Posts Tagged ‘ Genetic Engineering ’

Childhood Psychiatric Disorders: Will Genetic Engineering Ever Be A Solution?

Wednesday, February 27th, 2013

Following a stimulating Intelligence Squared debate, we’ve been discussing genetic engineering (think of it as directly changing DNA) here at Parents.com – both in terms of using it to create a “Super Baby” and to prevent disease. As a follow-up, let’s consider the likelihood of genetic engineering being a factor in the future for a number of childhood psychiatric disorders – or more to the point, the challenges that lay ahead. 

Autism Spectrum Disorder (ASD)

There would be hope that genetic engineering would be feasible in the future, as ASD is believed to be highly genetic in origin. However, the genetic basis for ASD is not clear. In fact, there may be a range of genetic etiologies. For example, some cases may be due to a rare genetic mutation – but there could be a number of mutations that can lead to ASD (not just one identified disease gene) making the idea of genetic engineering more challenging. The majority of ASD cases may reflect a complex mix of genetic and environmental influences – and the latest statistical modeling suggests that the genetic contribution to ASD may not be as strong as previously thought (and that the role of the environment may be more pronounced). For those situations, the idea of using genetic engineering is even more murky, because there may be many genes involved and they probably interact with a variety of environmental factors. All of this is not to say that genetics won’t lead to possible biological therapeutics – rather it’s to point out that the lure of genetic engineering as a solution may not be the avenue that will be pursued.

ADHD

The best evidence to date suggests that ADHD is due to a mix of genetic factors along with the influence of a number of environmental factors. As discussed above, this makes the pure application of genetic engineering difficult to imagine. There may a large number of genes involved, each of which may only have a small effect on the likelihood of developing ADHD – which, simply put, would make it very difficult to know what genes to target. Again, it’s tough to predict where genetic research will go, but while it may certainly lead to improved treatments over time for ADHD, it’s tough to see the role of genetic engineering.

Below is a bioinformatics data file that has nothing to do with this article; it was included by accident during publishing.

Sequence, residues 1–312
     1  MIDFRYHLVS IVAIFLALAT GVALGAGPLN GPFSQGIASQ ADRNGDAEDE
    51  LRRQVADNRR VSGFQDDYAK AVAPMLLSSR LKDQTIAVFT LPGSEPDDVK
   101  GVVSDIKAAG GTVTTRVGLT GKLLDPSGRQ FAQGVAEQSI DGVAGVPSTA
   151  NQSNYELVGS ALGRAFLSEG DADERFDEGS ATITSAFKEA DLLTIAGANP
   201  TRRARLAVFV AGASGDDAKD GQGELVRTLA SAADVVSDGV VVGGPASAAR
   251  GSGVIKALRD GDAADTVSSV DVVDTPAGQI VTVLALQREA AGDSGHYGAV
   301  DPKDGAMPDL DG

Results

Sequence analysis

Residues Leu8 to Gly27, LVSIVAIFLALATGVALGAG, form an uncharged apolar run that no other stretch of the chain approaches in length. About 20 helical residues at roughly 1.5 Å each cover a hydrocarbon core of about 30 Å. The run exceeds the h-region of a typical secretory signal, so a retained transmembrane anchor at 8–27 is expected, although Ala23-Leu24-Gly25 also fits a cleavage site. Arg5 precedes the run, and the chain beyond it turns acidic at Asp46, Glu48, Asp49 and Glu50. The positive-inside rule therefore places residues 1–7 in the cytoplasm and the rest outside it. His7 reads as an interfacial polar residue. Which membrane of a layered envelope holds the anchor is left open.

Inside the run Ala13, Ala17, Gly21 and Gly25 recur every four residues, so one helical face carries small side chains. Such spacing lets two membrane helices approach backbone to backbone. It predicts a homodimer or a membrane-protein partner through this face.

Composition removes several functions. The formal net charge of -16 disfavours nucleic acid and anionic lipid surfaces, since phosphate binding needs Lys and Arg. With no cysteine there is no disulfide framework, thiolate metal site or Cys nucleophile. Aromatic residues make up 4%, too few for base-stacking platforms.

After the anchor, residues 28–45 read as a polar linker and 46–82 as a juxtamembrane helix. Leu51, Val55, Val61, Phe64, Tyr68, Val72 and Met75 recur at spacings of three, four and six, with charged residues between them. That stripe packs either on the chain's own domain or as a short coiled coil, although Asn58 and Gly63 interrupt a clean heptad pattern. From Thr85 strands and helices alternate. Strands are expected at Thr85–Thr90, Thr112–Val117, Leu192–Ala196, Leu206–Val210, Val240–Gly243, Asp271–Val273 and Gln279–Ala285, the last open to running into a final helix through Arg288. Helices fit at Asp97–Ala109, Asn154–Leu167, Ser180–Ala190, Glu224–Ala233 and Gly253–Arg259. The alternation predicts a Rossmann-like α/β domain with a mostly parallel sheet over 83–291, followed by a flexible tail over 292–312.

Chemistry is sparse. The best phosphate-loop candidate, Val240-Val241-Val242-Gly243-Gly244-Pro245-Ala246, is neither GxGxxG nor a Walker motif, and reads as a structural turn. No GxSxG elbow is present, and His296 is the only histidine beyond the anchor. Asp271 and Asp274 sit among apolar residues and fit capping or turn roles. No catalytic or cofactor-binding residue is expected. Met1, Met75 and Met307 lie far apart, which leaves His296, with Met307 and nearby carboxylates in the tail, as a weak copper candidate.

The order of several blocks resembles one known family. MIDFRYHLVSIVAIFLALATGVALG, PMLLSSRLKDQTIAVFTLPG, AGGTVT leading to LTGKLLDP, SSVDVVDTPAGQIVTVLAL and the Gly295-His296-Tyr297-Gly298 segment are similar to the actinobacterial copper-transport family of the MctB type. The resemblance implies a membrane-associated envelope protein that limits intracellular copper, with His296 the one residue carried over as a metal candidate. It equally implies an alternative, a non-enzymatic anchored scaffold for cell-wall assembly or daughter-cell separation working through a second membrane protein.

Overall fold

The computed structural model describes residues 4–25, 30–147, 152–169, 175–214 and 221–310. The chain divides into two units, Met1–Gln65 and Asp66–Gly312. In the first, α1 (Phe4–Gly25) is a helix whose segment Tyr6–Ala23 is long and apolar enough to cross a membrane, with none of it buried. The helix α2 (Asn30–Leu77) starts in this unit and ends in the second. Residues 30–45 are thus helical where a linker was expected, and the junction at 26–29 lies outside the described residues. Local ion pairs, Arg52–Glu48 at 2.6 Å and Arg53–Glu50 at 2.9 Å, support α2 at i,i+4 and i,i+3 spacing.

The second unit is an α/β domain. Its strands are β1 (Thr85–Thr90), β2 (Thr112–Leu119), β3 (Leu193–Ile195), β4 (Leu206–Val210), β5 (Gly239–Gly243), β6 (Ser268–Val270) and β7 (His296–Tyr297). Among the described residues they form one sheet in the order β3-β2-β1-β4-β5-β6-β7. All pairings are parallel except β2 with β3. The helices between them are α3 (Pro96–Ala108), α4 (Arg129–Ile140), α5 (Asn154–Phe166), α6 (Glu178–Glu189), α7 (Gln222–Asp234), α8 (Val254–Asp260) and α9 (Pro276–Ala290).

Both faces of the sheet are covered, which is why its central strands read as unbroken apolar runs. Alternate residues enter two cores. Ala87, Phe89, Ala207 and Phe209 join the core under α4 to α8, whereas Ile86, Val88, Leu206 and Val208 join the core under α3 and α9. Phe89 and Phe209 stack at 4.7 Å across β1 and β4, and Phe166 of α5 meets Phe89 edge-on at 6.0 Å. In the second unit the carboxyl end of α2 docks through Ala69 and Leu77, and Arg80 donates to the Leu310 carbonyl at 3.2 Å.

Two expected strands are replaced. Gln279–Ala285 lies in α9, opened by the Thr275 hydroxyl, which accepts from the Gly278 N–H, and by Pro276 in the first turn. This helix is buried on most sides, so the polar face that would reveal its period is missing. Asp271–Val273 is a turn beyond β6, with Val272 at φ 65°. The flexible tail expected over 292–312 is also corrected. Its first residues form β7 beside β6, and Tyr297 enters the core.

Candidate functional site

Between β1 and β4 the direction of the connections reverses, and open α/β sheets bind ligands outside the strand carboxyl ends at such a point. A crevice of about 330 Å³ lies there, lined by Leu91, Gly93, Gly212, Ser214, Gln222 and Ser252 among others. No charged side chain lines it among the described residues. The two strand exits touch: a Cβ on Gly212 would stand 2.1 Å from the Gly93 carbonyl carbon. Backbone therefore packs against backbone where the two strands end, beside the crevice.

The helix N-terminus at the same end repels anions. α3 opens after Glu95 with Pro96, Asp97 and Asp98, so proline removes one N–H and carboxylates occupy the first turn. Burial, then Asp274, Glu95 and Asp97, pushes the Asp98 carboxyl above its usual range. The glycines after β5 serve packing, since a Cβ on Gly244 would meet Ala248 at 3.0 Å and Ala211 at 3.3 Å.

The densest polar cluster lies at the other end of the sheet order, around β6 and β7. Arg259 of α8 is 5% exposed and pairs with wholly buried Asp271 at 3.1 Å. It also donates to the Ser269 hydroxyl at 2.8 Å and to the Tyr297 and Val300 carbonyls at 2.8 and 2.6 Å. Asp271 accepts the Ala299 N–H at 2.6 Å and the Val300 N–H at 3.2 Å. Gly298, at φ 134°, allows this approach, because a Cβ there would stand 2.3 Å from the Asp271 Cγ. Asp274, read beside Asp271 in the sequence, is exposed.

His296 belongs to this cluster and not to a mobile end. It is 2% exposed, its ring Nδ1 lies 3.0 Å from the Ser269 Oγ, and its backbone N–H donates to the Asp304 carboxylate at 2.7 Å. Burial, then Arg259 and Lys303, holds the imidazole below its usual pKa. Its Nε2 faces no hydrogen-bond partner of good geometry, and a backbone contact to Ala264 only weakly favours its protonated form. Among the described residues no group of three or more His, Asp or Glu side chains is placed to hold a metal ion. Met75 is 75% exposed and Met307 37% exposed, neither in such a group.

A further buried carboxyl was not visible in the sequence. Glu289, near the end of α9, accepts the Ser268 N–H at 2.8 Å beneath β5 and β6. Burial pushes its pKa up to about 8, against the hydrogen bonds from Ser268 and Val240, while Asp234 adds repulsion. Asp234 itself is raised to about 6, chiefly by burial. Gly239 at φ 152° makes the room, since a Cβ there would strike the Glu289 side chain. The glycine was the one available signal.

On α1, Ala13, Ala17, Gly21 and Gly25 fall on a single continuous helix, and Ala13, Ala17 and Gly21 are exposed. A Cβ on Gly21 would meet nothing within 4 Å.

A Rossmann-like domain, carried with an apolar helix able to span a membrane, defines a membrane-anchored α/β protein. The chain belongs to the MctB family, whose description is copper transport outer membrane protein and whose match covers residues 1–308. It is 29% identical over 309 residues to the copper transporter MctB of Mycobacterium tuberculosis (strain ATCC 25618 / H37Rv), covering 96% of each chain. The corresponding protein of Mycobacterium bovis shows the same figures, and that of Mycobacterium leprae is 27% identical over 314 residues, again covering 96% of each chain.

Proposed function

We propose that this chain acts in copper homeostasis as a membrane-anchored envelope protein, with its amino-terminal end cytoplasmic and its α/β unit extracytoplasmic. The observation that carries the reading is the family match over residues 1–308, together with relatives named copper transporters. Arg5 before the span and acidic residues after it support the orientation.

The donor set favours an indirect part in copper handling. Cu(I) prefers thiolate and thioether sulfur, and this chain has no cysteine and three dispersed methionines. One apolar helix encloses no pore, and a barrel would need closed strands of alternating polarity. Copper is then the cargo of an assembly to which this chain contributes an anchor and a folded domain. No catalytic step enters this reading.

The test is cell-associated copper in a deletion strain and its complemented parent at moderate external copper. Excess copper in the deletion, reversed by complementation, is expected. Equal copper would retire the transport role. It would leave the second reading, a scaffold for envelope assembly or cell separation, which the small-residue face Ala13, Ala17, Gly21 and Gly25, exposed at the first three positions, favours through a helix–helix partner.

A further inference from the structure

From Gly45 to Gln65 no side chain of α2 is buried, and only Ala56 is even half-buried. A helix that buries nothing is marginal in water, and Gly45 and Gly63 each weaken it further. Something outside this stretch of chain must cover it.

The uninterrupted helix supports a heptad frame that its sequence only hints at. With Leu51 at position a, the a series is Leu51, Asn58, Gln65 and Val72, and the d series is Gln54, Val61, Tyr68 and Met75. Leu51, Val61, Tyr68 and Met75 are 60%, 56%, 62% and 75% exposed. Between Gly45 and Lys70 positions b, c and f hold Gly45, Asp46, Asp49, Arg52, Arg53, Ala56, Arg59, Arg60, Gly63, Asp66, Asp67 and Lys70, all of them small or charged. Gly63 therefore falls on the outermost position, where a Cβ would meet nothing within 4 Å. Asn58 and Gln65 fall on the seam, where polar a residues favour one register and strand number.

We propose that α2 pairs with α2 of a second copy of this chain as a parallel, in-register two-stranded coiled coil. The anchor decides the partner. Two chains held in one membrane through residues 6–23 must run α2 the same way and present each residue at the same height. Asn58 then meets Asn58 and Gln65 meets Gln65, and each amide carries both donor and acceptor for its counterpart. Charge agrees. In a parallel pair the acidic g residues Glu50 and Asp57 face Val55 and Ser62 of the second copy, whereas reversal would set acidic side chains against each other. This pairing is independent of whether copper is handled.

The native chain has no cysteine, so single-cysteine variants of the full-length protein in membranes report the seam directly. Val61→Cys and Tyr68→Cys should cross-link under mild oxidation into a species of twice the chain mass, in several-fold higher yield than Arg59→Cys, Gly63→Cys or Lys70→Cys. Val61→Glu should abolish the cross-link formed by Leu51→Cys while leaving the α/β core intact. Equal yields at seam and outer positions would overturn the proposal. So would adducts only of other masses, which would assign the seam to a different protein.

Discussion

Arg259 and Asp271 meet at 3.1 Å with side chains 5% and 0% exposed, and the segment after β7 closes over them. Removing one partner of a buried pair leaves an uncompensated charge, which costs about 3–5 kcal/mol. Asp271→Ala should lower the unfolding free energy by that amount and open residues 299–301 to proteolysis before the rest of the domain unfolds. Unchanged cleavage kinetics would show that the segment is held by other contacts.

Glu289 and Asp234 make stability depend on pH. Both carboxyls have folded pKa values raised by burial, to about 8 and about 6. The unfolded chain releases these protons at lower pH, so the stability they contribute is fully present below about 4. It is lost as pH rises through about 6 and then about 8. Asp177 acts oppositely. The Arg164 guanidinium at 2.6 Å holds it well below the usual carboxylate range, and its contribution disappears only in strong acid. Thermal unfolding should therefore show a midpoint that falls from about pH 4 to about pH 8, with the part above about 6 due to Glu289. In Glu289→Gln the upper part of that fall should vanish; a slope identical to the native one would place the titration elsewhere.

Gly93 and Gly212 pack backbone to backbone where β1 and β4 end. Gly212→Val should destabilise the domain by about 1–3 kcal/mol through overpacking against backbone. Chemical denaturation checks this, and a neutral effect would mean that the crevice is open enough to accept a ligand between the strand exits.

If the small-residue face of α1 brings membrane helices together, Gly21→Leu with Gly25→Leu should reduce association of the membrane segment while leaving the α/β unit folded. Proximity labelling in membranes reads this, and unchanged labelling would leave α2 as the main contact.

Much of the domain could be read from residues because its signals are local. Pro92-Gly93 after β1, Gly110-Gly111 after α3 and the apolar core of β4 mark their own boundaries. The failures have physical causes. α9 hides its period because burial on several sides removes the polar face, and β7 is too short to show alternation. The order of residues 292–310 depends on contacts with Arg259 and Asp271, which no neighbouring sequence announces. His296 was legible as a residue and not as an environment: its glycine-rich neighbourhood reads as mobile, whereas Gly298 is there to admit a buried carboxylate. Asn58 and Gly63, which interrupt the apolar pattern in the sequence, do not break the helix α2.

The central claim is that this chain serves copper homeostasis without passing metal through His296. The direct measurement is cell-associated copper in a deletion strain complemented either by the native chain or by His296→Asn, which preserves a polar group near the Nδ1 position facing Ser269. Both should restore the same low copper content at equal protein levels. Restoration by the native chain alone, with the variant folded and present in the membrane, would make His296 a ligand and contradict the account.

Depression

You’re starting to see a pattern here. Like ADHD, depression is also thought to be influenced by many genes as well as the environment. As discussed above, this constellation of risk factors does not suggest that genetic engineering will be a factor any time soon.

Conduct Disorder (CD)

This is the same deal as the case for ADHD and depression – and it may be that the environment plays an even stronger role in the etiology of CD.

Conclusion

The idea of genetic engineering is provocative. But the reality may be far in the future for most childhood psychiatric disorders – and in many cases it may not be the way in which genetic research gets translated into prevention and intervention.

Molecular Biology Test via Shutterstock.com

 

 

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Genetically Engineered Babies: Good Or Bad Idea?

Wednesday, February 20th, 2013

Would you want the option of harnessing the power of genetics to alter the DNA of your unborn child? Would you want this to prevent disease? Select physical characteristics? Or “design” your baby by changing the genetic code? 

Such was the topic of an Intelligence Squared debate held in New York City on February 13. Two experts argued that genetic engineering should be banned; two experts argued that it should be supported. The audience – of which I was a part – had a chance to vote both before, and after, the arguments were made. Prior to the debate, I was in favor of supporting genetic engineering – with many caveats. After listening to both sides present their point of view, I pondered three points to help me come to a final decision:

Is genetic engineering feasible?